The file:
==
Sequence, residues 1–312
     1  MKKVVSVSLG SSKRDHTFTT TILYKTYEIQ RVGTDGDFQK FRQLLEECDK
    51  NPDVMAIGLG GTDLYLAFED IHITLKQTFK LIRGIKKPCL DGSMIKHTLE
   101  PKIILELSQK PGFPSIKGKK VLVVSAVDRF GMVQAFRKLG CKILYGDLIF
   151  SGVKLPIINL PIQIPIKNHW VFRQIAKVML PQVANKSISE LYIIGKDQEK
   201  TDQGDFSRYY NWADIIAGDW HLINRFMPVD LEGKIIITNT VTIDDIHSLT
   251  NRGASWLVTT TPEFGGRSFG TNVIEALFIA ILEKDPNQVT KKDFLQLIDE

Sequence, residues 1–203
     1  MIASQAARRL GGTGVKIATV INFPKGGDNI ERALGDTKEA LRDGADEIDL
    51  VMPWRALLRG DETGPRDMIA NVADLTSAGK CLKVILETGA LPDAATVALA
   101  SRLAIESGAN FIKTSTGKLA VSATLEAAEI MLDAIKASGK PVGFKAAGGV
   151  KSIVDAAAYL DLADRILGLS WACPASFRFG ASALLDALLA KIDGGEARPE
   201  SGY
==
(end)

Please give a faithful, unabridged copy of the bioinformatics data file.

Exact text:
Sequence, residues 1–312
     1  MKKVVSVSLG SSKRDHTFTT TILYKTYEIQ RVGTDGDFQK FRQLLEECDK
    51  NPDVMAIGLG GTDLYLAFED IHITLKQTFK LIRGIKKPCL DGSMIKHTLE
   101  PKIILELSQK PGFPSIKGKK VLVVSAVDRF GMVQAFRKLG CKILYGDLIF
   151  SGVKLPIINL PIQIPIKNHW VFRQIAKVML PQVANKSISE LYIIGKDQEK
   201  TDQGDFSRYY NWADIIAGDW HLINRFMPVD LEGKIIITNT VTIDDIHSLT
   251  NRGASWLVTT TPEFGGRSFG TNVIEALFIA ILEKDPNQVT KKDFLQLIDE

Sequence, residues 1–203
     1  MIASQAARRL GGTGVKIATV INFPKGGDNI ERALGDTKEA LRDGADEIDL
    51  VMPWRALLRG DETGPRDMIA NVADLTSAGK CLKVILETGA LPDAATVALA
   101  SRLAIESGAN FIKTSTGKLA VSATLEAAEI MLDAIKASGK PVGFKAAGGV
   151  KSIVDAAAYL DLADRILGLS WACPASFRFG ASALLDALLA KIDGGEARPE
   201  SGY